[via The Toast]
- The Elders would like a word with you.
- The Ritual is about to begin.
- Something that has not happened in a thousand years is happening.
- You are going to the City. There is only one City. It is only said
with a capital C. No one needs to bother saying the name of the City. It
is the City.
- Certain members of the Council are displeased with your family’s recent actions.
- A bard is providing occasional comic relief; no one hired or invited him and his method of earning a living is unclear.
- The High Priest is not to be trusted.
- Someone is eating an apple mockingly.
- There is one body of water. It is called the Sea. The Great Sea, if you are feeling fancy.
- You live in a region with no major exports, no centralized
government, no banking system, a mysteriously maintained network of
roads, and little to no job training for anyone who is not a farmer.
- You have red hair. You wear it in a braid. Your father was a simple
man, and you don’t remember much about him – he died when you were so
young – but you remember his strong hands, as he fished or carpentered
or whatever it was that he used to do with them.
- You’re going to have to hurry, or you’re going to miss the Fair – and you never miss the Fair.
- There is trouble at the Citadel.
- Your full name has at least one apostrophe in it.
- It is the first page, and you are already late for something. Your
mother affectionately chides you as you gulp down a few spoonfuls of
porridge; she will be dead by page forty-two.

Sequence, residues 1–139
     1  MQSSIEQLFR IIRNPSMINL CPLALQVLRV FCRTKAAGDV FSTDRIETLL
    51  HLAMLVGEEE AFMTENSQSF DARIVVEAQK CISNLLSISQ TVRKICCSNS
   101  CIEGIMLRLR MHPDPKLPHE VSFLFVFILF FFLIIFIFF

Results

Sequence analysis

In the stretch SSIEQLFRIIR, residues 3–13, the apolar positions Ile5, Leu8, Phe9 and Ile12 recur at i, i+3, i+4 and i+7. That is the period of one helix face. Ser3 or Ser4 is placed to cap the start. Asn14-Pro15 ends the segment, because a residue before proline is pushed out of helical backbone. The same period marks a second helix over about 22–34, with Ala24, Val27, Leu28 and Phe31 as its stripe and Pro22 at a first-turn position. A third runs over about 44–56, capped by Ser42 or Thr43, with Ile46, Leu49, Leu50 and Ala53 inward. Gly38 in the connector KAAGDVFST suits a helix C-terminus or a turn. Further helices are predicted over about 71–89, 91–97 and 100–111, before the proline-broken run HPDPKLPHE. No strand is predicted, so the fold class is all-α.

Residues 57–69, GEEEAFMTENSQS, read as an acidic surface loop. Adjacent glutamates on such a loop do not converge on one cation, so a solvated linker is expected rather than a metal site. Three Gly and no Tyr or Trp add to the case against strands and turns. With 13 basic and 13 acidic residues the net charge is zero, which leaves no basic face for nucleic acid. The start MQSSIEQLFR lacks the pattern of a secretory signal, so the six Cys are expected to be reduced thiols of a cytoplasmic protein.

- There are two religions in your entire universe. One is a thinly
veiled version of Islam. It is only practiced by villains. The other is
“being a Viking.” You are a Viking.
- There are new ways in the land that threaten the Old Way. Your
grandmother secretly practices the Old Way, as do all of the people of
- The real trouble began the day you arrived at court. Every last
nobleman hides a viper in his smile. How you long for the purity of life
in your village, which is currently on fire or something.
I think I broke a rib laughing. or something.
Have you ever felt sure your time with a particular story was over? End, period, goodbye and never to cross road again? That’s how I felt after Season 5 of Game of Thrones was over. I was disappointed with pretty much everything that I told myself “okay, that’s it, I’m done with the show, I’ll just wait for Martin-snail-pace publishing”. There were so many reasons I despised S5, mostly concerning the horrid treatment of female characters (I talked about my specific issues with the Sand Snakes here).
And look at me now: roped back in GOT madness by my beloved wolf puppies.
“Imagine George RR Martin, with a third of the pages and sixth of the characters.”
This was the friend’s advice via which I landed on Joe Abercrombie‘s iron-hardened world. As advice goes, it was very good, but now I feel strange, wondering what my friend meant.
If by “imagine GRRM” you mean blood-bathed, politics-laced high fantasy, then Half a King is 100% GRRM-esque fantasy. The main character, Yarvi, is the mutilated second-born prince crowned king against everyone’s best hopes, and immediately sent to avenge his father and brother’s deaths. He’s also immediately betrayed, pushed to his death in the sea, “saved” by his enemies, and sold at the slave market. The rest of the book is a desperate journey through sea and snow to get back to Thorbly, Yarvi’s capital, with the unlucky prince finding unexpected friends in a gang of assorted criminals, freed slaves and one mysterious, crazy soldier.
I don’t know about you, but me? Middle-book syndrome is the bane of my existence. I measure the writing and storytelling abilities of an author on how much they can grip my attention during a middle-book, or the second to last book of a series.